Responding to Climate Change: Muslim national and international approaches - Shared screen with speaker view
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Are the Muslim grassroots initiatives in the UK you have talked about also connecting/working with activists and organisations across Europe and more globally across the Muslim world? Or more generally, do you think grassroots activism should be pursued first at the national level?
I apologize if this questions seems a little vague - what might be a coherent way to organize the grassroots political activism of different individual organizations all over the nations to influence nationwide policy making instead of creating conflict of interest among them or conflict of prioritizing certain activist goals over the others?
A question related to the previous: How does or can the environmental movement (international, inter-faith, faith-based, not faith-based) bridge differences of religion, culture, class, gender, race etc.?
Muhammed Ashraf PC
جزاكم الله احسن الجزاء
Asian - Nana Firman - she/her
salaam... I can't open my mic
can you please help with this: is it only me or the most visible Muslim engaging in climate & environmentalism is women?Whilst the most published authors seems to be men.
Can I ask a follow up question to Alessandra in the meantime? (sorry)how would you prioritize certain goals over others? and who decides to prioritize that? otherwise, with such messy picture of grassroot activism all over, it can get easily get really overwhleming with the amount of changes needed to be done in the society.
great point @mohamed at the same time those most effected by climate change are women & girls
“Khulafa” = stewards
bahasa indonesian coming soon inshaAllah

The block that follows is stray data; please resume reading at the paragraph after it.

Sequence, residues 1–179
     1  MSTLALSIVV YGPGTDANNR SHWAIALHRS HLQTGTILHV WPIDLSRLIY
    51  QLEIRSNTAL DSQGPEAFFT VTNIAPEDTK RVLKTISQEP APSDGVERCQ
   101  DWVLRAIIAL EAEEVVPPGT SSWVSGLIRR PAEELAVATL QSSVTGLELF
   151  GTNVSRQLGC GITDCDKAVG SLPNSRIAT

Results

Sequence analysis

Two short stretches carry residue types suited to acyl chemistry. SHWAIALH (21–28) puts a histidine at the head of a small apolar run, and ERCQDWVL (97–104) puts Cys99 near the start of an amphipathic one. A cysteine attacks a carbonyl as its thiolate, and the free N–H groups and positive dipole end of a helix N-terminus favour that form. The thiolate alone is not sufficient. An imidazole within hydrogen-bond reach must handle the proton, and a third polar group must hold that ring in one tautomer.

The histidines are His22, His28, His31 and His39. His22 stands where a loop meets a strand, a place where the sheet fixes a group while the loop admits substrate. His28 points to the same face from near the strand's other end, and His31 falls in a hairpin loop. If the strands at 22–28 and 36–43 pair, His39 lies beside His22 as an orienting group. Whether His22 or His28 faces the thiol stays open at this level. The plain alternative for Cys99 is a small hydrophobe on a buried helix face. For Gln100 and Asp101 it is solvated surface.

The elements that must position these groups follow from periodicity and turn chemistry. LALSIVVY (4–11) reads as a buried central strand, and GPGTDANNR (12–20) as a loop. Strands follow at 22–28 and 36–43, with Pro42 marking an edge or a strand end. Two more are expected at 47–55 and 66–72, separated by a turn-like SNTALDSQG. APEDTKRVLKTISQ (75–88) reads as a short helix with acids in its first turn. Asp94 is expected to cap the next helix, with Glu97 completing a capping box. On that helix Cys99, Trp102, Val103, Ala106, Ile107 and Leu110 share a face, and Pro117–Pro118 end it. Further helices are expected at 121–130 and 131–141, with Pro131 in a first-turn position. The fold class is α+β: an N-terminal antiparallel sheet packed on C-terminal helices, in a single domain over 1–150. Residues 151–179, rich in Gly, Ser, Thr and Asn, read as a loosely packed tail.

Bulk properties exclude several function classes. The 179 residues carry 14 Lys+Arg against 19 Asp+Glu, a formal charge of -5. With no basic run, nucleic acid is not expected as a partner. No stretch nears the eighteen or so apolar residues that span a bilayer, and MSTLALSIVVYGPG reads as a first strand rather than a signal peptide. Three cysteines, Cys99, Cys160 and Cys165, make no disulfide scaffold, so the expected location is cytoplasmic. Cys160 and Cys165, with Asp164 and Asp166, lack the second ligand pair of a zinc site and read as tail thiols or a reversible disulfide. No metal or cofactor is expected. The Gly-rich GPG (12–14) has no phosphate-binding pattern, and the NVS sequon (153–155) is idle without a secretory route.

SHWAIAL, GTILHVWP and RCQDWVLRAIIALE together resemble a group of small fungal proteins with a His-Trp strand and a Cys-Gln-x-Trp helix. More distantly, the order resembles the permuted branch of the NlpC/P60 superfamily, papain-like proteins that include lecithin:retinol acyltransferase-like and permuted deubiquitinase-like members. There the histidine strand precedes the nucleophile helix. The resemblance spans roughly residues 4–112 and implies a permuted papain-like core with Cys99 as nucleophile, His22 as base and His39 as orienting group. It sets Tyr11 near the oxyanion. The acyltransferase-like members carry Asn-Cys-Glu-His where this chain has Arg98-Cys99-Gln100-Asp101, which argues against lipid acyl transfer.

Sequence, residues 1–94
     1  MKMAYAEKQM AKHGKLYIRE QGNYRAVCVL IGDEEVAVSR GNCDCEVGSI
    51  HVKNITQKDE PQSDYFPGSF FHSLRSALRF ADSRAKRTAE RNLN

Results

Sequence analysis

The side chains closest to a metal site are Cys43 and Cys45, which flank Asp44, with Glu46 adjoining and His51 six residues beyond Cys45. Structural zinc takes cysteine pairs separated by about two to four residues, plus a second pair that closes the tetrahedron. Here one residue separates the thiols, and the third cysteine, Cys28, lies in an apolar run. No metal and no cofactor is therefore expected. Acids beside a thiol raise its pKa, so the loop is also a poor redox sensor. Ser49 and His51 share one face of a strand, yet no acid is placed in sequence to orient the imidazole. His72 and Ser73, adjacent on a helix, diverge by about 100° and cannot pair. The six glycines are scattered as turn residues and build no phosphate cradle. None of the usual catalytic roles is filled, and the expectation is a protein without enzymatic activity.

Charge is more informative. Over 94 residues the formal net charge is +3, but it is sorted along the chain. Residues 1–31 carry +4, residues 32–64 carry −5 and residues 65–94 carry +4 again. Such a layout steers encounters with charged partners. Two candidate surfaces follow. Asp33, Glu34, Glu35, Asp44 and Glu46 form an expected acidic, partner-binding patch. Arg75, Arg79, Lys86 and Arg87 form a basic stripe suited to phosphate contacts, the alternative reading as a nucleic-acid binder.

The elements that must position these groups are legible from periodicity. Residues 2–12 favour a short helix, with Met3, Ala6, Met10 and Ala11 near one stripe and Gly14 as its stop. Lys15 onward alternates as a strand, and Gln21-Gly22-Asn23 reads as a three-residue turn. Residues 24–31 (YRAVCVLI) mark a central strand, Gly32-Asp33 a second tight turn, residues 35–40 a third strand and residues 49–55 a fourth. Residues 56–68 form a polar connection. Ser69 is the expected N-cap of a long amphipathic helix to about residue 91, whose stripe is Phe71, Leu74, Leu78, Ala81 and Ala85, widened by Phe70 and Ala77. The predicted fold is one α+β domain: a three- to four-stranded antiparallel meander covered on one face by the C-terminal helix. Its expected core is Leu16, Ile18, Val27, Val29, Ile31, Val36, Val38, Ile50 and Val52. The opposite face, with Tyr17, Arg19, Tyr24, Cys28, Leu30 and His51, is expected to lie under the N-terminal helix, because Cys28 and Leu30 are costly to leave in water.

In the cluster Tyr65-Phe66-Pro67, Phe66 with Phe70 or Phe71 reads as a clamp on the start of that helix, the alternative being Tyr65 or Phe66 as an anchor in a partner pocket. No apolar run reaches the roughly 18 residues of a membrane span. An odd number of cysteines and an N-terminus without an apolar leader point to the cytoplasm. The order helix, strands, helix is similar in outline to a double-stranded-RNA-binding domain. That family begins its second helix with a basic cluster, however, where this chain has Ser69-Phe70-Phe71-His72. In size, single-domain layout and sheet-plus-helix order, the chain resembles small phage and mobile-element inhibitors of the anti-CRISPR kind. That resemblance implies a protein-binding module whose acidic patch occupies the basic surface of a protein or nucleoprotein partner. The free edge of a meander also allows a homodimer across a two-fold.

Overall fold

Salaam Mohammed, I feel nature conservation is not a well explored area for Muslims, despite Islam's teachings. Also, Muslim scholarship is heavily male dominated, which is a wider issue and this characteristic flows into nature conservation too.
Nurul Alfiah Kurniawati
How have Islamic environmentalism activists/scholars worked to address western biases in their sustainability campaigns and advocacy that often undermine or even blame the third-world countries (some are Muslim-majority countries) for contributing more to global co2 emissions when the demands often come from the more developed countries?
In Scotland there is grassroots syllabus for children on Islam called syllabus. It is very popular but but I am not sure if it includes teachings on environmental stewardship.
Knowing that women face the burnt of climate related disasters, like in Bangladesh in 1991 most victims were women - some due to not having basic swimming skills for modesty reasons. In Muslim nations, where islamic education in certain places have been distorted and extreme opinions exist, how do you suggest we reconcile and march towards ecological justice together? Do we ensure basic symmetry of islamic information first or can we do it together?
I would love to know if female scholarship on the environment has been lost to us in the modern English speaking world because it has not been translated from Arabic or other languages.
thanx all for the questions and comments ~ we need to follow up on all of these
Thank you so much your valuable contribution Nana
How would the speakers respond to the criticism that the biggest challenge to sustainability is overpopulation in the global South (rather than the industrialised world's use of natural resources and the associated impacts of that)?
Perhaps, rather than looking at overpopulation, the question should be the industrialised worlds, as you put it, consumption and use of resources to generate products sold that are often thrown away! Marketing strategies encourage a consumer society that has little regard for product lifespan
It seems like we can use Anna’s findings to center environmental work on the well-being of people in Muslim-majority countries that consider environmental work a Western phenomenon.
Q for Anna, what words/language does the community you are working with use instead of climate?
Thank-you very much to all contributors!
thank you to all presenters and facilitators
Thank-you, this has been a fascinating discussion
Nurul Alfiah Kurniawati